Gemma Fernández. Journalist. @gemmafdz
China, with 618 million internet users, is the world's largest e-commerce market, and according to forecasts, it's expected to outstrip the US, Japan, the UK, Germany and France combined by 2020.
In China, e-commerce is already a way of life. Every aspect of Chinese life is online. TaoBao, China's eBay, has 80% of the market, more than 500 million clients and is used daily by more than 213 million people. Tmall, China's Amazon, accounts for 51% of the country's B2C online sales.
Spanish companies are realizing China's potential, and sectors such as tourism, fashion and wine (one of the most highly-valued products by the Chinese) are leveraging this trend as an opportunity for growth.
The report "Ten key factors for developing a successful e-commerce strategy for China and from China", published in Global Asia Magazine, a bi-monthly bilingual Spanish-Chinese magazine on economic, business and cultural aspects of relations between China, Spain and Latin America, analyses the importance of the internet for the Asian giant, and reveals the online strategies that Spanish companies should implement there.
The report specifically underlines the importance of a complete multi-channel marketing strategy which enhances online brand awareness and visibility. It also highlights that companies need to provide their target public with a value-added online purchasing experience which reinforces the value of the brand via the official site in Chinese and for China, the e-commerce site, the profile in Chinese social media and the brand's physical presence (head offices, stores, etc.).
The power of Chinese bloggers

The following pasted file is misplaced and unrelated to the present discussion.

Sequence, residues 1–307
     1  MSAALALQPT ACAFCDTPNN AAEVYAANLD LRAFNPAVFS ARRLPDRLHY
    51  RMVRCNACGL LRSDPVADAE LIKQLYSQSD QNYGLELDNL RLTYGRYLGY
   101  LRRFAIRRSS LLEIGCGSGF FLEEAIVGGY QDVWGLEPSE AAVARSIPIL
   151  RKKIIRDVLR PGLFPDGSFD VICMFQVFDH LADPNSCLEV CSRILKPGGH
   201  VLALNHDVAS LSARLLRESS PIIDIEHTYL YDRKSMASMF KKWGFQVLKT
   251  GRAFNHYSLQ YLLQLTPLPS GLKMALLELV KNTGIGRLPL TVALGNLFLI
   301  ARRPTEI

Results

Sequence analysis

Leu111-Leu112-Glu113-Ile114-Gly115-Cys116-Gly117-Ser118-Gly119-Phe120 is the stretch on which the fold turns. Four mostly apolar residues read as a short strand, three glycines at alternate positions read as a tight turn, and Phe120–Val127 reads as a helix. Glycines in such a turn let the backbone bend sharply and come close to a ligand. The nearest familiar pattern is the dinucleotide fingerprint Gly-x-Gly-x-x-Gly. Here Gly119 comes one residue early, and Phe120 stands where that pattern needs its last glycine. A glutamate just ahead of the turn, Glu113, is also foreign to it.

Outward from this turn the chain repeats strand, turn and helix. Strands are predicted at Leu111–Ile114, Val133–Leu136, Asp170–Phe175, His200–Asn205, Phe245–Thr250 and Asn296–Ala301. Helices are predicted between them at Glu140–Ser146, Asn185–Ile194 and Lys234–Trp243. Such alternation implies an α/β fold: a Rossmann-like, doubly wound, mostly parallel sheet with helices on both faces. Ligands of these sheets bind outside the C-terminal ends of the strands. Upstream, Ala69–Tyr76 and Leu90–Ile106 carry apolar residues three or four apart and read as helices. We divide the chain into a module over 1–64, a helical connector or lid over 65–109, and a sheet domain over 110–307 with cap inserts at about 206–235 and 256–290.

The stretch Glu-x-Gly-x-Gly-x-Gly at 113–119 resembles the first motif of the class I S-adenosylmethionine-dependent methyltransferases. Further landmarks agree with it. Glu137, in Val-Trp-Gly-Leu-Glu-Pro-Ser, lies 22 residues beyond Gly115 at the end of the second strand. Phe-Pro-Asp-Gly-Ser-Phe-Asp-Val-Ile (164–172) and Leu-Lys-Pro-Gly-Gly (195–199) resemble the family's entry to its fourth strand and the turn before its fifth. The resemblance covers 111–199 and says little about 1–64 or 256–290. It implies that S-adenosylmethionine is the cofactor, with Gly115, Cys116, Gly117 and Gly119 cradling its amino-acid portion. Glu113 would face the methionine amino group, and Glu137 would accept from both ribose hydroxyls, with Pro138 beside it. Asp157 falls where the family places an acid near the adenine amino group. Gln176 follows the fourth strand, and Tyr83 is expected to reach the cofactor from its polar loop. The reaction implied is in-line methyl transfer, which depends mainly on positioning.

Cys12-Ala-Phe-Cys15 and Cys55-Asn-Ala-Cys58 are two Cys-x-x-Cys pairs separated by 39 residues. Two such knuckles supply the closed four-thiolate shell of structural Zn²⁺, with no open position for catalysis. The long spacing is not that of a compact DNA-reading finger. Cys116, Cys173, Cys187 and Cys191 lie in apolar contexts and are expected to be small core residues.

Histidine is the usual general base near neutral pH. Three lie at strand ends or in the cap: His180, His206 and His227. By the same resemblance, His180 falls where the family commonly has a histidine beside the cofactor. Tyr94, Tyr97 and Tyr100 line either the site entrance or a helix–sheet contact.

In China, the market or, more specifically, Chinese consumers and respected bloggers, decide the value of a brand. Consumers play close attention to bloggers when making purchasing decisions,and when bloggers use certain Western brands and products, its considered a guarantee of their quality for fans.
Chinese internet users carefully read bloggers' comments and product reviews, with the result that it's extremely important for their opinion to be positive.
Leading bloggers include Xu Jinglei, China's first celebrity blogger, and a teen idol, with 132 million page visits; Xiene, with 41.05 million followers; and Lao Sha Blog, with 200 million page visits.
Positioning in Chinese search engines is synonymous with positioning in Baidu. This search engine is responsible for almost all of China's marketing campaigns and has a 70% market share.
Most shoppers in China begin their search on the internet, and before they buy anything, they consult Baidu for complete information about the brand.
Accordingly, ranking among the top 11 in Baidu, i.e. on the first page, is a necessity since 80% of people never even continue on to the second page.